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A Pox By Any Other Name

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Director at Public Health and American Well-Being Initiative
Joel M. Zinberg, M.D., J.D. is the Director of the Public Health and American Well-Being Initiative at Paragon Health Institute, and a senior fellow with the Competitive Enterprise Institute. A native New Yorker, he recently completed two years as General Counsel and Senior Economist at the Council of Economic Advisers in the Executive Office of the President.

Anyone wondering why medical authorities seem so ineffectual need look no further than their newfound obsession with renaming the monkeypox virus and the disease it causes. Their preoccupation with avoiding giving offense distracts from the necessary task of combating disease spread.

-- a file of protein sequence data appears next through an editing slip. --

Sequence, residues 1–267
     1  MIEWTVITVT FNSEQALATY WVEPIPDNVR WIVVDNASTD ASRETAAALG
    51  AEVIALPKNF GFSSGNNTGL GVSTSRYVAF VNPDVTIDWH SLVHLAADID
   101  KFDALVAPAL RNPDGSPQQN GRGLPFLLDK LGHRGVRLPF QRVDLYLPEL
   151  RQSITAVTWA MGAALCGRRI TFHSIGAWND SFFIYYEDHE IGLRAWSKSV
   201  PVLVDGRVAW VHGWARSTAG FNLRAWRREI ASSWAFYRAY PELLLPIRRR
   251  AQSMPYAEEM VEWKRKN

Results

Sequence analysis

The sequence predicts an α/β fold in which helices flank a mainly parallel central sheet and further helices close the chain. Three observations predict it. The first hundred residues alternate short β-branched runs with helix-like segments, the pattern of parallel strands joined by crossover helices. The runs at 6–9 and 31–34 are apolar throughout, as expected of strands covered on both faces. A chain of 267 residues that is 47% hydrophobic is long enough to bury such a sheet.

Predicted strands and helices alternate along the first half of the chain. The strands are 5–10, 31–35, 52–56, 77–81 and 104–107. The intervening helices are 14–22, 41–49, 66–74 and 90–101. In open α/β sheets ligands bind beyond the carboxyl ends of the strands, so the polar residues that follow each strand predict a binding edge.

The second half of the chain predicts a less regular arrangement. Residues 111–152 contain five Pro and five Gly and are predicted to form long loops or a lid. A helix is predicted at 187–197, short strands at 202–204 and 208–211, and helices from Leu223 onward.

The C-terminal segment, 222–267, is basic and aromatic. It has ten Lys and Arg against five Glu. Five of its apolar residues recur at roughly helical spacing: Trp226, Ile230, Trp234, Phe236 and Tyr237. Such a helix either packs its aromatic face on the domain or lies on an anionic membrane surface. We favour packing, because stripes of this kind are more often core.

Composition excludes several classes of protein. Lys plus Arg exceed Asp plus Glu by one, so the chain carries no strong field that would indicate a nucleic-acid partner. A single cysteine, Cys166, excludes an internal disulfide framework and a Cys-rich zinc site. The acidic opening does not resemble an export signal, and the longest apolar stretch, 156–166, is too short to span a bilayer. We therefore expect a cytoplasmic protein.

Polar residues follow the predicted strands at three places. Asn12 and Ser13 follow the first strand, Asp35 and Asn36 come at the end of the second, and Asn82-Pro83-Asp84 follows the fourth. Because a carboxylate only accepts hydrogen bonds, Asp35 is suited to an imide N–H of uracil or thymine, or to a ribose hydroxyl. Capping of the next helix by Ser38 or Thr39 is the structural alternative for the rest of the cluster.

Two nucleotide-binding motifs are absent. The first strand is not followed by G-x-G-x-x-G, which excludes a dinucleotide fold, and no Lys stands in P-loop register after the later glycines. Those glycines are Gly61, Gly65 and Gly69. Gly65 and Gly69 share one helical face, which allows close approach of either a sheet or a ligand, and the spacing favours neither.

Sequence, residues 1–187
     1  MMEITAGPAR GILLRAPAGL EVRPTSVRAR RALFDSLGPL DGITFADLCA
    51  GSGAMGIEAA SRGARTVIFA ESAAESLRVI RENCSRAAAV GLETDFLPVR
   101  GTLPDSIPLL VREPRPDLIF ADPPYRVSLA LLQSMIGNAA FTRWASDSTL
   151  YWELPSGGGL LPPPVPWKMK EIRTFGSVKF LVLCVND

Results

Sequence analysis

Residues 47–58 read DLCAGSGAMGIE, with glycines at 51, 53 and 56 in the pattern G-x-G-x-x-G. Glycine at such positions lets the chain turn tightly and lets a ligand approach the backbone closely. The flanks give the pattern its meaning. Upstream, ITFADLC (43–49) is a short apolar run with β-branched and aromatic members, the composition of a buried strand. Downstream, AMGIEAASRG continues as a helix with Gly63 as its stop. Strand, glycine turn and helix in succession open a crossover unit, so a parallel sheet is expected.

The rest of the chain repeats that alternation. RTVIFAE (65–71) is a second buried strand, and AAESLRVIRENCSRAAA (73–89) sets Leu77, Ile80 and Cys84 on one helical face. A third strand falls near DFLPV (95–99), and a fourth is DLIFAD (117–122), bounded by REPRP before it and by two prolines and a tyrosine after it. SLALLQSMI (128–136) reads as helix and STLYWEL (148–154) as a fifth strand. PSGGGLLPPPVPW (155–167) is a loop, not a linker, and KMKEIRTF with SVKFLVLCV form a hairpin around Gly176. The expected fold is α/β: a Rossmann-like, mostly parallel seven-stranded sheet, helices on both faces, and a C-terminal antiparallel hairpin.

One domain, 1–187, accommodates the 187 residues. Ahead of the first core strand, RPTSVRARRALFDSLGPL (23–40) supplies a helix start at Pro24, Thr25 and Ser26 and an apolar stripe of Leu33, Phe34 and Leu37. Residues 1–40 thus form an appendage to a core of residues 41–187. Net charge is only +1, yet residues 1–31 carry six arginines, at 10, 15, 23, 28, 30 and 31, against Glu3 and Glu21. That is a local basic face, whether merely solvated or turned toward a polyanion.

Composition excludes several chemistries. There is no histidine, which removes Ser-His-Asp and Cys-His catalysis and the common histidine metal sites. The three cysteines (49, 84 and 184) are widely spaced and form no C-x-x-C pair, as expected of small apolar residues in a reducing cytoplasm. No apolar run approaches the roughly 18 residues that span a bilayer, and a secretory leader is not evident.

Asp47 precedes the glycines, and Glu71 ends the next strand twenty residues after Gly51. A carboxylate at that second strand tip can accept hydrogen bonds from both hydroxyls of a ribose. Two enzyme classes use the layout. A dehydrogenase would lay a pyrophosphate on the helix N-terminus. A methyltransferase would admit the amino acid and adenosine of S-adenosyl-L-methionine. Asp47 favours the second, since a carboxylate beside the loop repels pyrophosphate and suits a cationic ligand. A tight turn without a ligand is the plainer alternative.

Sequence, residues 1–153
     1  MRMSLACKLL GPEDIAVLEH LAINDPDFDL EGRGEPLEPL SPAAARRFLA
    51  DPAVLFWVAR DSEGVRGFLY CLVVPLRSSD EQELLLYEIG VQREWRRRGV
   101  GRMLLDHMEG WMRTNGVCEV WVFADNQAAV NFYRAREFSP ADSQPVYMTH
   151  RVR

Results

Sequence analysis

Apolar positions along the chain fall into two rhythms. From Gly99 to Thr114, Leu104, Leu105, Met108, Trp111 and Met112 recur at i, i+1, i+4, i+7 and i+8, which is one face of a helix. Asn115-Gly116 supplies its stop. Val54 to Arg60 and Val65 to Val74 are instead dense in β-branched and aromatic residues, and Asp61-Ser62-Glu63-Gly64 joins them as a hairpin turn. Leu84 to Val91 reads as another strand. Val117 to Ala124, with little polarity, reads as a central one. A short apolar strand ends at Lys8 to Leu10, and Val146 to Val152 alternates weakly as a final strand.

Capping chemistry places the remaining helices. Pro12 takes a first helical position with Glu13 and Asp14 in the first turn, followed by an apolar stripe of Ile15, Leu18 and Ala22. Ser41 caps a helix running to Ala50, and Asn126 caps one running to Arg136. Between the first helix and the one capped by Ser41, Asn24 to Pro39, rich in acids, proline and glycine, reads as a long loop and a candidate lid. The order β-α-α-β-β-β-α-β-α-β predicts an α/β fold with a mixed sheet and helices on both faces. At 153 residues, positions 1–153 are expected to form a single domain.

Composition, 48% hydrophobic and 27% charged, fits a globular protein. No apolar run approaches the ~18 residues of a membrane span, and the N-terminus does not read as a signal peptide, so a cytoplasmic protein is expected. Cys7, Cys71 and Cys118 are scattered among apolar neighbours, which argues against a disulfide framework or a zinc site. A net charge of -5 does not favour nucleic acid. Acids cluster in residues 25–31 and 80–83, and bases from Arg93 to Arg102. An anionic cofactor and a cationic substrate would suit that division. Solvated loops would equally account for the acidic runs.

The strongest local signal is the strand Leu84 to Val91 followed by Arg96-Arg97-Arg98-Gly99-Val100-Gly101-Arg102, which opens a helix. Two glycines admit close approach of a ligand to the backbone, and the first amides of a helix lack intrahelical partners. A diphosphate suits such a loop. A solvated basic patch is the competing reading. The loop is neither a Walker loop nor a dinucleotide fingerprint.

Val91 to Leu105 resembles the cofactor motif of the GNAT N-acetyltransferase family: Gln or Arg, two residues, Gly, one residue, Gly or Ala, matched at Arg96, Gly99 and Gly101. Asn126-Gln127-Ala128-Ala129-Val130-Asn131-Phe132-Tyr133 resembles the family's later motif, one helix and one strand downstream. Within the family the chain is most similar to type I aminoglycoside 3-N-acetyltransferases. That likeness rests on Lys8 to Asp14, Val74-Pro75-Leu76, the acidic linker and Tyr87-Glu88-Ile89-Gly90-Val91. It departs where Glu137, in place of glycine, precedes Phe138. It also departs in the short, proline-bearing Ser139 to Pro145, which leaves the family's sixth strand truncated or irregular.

The monkeypox virus, discovered in 1958, got its name because monkeys were the first animals found carrying it. In fact, monkeys aren’t the natural host of the virus; the true reservoir host remains unknown.

The first human monkeypox case was identified in 1970 in the Democratic Republic of the Congo. Until recently, nearly all cases were reported in Africa. Outbreaks outside of Africa are rare, which is why the outbreak that began in May is noteworthy.

There have been nearly 50,000 cases and 15 deaths worldwide to date, with nearly all the cases outside of Africa, in countries that have not historically reported monkeypox. Previous outbreaks have resulted from transmission from animals to humans, but the current outbreak involves human-to-human transmission, almost exclusively among gay men. The U.S. has the most cases of any country (18,417) by far, but thankfully no deaths.

The full article can be found in City Journal.

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